In Brief Good news for anyone who has ever tried to use the pure white tile and theoretical quiet of the bathroom as a meeting backdrop without realising their brother was in there: a PowerToys feature that mutes the mic and injects a stream of black instead of video via a virtual driver.
Microsoft's PowerToys gang emitted a pair of releases last week: version 0.21.1, with a "focus on stability, localization and quality of life improvements for both the development team and our end users", and version 0.22 – an altogether more interesting experimental iteration with the Video Conference Mute feature.
The latter feature will be handy for those who spend their time frantically hunting for audio and video controls during seemingly never-ending video conferencing sessions that have become a part of remote working, and will mute both audio and video with a single keystroke.
Prototyped back in June, the PowerToys team reckoned the feature was worth adding despite the impact it would have on the roadmap, and we'd have to agree. With different conferencing tools having different controls, one single function to rule them all certainly has an appeal.
Put out as a pre-release because things remain a bit rough and ready, the feature makes use of a virtual driver for the webcam which injects purest blackness into the stream. "When you toggle the stream back on, the driver just stops injecting black," explained Clint Rutkas, senior program manager at Microsoft.
Mobile commenting comes to OneDrive (if you're on Android)
Consumer users have been given the ability to add comments to non-Office file types in Microsoft's OneDrive mobile app for Android.
Functions such as adding comments to files either owned by or shared (with edit permissions) with the user have been made available and customers can also see existing comments when offline. A badge is shown when there is new comment activity.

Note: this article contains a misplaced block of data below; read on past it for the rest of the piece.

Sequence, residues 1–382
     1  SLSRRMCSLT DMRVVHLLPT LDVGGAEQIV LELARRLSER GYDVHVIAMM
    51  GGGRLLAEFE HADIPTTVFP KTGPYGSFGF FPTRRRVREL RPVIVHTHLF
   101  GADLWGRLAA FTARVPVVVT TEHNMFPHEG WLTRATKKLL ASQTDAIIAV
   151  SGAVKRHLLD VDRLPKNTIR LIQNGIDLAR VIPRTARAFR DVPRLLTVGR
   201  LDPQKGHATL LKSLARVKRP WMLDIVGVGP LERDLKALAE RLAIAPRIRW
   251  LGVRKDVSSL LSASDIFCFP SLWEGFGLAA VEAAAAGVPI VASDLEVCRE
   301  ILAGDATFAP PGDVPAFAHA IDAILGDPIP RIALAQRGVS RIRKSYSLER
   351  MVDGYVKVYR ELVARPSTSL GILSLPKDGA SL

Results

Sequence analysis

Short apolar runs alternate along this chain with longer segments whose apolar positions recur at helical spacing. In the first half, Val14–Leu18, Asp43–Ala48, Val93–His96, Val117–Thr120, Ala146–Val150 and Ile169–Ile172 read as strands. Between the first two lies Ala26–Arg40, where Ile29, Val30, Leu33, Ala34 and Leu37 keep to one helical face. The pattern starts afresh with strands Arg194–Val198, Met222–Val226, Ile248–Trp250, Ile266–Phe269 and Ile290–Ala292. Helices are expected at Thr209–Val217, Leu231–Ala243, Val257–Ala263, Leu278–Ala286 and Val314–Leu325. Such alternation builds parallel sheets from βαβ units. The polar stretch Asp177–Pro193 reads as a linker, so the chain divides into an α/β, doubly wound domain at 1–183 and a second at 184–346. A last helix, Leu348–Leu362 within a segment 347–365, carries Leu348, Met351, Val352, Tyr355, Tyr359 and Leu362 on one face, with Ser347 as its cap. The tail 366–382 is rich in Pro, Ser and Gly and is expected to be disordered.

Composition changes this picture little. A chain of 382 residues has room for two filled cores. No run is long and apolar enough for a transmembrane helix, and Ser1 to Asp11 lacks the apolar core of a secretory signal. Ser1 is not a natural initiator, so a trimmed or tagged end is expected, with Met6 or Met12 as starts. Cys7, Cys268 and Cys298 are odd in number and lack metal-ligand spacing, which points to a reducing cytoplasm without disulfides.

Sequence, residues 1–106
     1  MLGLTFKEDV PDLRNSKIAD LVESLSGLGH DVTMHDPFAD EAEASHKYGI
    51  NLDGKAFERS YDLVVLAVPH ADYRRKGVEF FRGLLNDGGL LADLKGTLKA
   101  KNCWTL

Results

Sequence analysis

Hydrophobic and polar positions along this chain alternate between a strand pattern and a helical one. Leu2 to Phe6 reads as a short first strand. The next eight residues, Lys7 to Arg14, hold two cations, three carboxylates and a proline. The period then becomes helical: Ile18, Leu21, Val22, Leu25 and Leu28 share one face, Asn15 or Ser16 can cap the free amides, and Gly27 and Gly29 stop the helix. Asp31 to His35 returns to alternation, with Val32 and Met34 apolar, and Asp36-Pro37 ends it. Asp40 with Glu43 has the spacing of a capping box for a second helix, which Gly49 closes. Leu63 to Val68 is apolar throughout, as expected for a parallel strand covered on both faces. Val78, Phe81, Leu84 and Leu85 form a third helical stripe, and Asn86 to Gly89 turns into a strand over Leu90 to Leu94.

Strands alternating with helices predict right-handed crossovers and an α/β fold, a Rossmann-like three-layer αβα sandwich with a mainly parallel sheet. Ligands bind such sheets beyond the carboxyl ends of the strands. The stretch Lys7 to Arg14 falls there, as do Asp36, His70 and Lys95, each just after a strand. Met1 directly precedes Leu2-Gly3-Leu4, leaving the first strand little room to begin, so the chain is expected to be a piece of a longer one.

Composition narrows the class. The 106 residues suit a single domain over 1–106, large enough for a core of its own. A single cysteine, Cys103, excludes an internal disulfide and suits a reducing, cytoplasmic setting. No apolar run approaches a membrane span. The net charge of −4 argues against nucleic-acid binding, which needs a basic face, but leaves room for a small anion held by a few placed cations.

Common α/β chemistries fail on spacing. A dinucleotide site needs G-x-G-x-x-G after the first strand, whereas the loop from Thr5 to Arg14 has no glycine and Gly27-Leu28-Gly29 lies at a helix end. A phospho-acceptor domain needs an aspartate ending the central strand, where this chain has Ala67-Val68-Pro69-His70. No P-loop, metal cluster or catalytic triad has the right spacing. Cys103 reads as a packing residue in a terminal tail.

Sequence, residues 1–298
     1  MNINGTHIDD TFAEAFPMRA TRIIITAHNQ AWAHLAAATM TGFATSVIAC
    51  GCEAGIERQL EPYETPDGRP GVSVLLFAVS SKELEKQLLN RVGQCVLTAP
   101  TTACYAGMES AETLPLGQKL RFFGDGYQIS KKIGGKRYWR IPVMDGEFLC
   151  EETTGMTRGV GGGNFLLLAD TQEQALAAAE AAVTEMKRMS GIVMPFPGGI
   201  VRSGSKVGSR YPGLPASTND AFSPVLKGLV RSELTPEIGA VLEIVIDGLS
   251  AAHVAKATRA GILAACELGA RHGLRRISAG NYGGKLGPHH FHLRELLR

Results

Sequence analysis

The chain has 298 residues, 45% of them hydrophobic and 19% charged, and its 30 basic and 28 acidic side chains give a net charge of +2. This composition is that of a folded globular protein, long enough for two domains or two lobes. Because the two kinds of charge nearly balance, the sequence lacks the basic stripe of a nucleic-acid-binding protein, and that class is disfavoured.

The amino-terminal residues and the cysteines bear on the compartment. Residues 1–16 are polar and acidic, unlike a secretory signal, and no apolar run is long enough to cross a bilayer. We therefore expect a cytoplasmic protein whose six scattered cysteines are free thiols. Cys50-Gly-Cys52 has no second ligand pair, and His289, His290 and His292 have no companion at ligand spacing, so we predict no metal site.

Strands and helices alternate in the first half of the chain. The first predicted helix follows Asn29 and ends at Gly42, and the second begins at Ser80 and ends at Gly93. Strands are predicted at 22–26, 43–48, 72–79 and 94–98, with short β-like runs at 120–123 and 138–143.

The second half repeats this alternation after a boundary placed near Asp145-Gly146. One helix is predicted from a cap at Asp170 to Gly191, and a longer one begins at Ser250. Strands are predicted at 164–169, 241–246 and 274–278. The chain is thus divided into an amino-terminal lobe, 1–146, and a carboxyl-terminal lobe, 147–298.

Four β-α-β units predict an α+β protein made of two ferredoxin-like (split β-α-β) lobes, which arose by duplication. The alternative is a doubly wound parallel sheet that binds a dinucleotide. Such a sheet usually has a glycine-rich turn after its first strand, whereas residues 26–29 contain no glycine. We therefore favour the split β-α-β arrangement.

A later update will add badging for seen and unseen comments across OneDrive on mobile, web and PC.
Those on free or paid consumer plans get the toys, and the functionality is due to hit the iOS version of the OneDrive mobile app by the end of the year. The feature is not yet available for those using work or school versions.
Interestingly, comments made on Word, Excel and PowerPoint files won't show up in the mobile commenting view. Commenting on folders and push notifications are also not there yet but, according to Microsoft, coming "soon."
Lists for Teams goes to General Availability
Microsoft Lists first took a bow at the company's Build 2020 event and has spent August gradually rolling out to Targeted Release Microsoft 365 customers before going wider last week.
Aimed at tracking information and organising work, the Microsoft 365 app comes in a variety of flavours, and last week the Lists application in Microsoft Teams was rolled out as tab app.
Not to be confused with Microsoft To-Do, Lists is aimed squarely at business. Existing lists can be pulled in from Sharepoint, or templates can be used to create something new. Once populated, individual list items can then be chatted about using Microsoft's Slack-for-suits platform, Teams.
Those using the existing Sharepoint app in Teams with a pinned list "will see their experience inside the tab get upgraded to the latest Lists in Teams experience," according to Microsoft.
Yet more organisational fun with Moca
As well as lists, Microsoft has lobbed some ever so slightly Trello-esque love at Outlook Web users in the form of Project Moca. With the aim of keeping things organised, Moca is a hub where the likes of tasks, lists, events and links can be dumped. As well as OneDrive, it will also take files from other cloud providers.
The preview, accessed from Outlook Web's module switcher, allows users to create "buckets" into which content can be added and tracked. Notes can be pasted in and are saved as Sticky Notes.
The preview is a handy thing, although it will have to fight for attention among all the other organisational tools currently being released by Microsoft. Being hidden away (and off by default) in Outlook for the Web is unlikely to help its case much. It is also only accessible to Microsoft 365 consumer or education subscribers. "Select commercial customers" may also get to wonder what the "Moca" means in the name.
It did make us think a little of Microsoft Cortex topic cards or even Atlassian's Trello, although the latter told us "we don't have anything specific to comment" when asked for its thoughts on Moca.
We await with bated breath the release of a tool from Microsoft to organise all the organising tools it is flinging out nowadays. Maybe a list of wonders? Now, what would one name such a thing... ®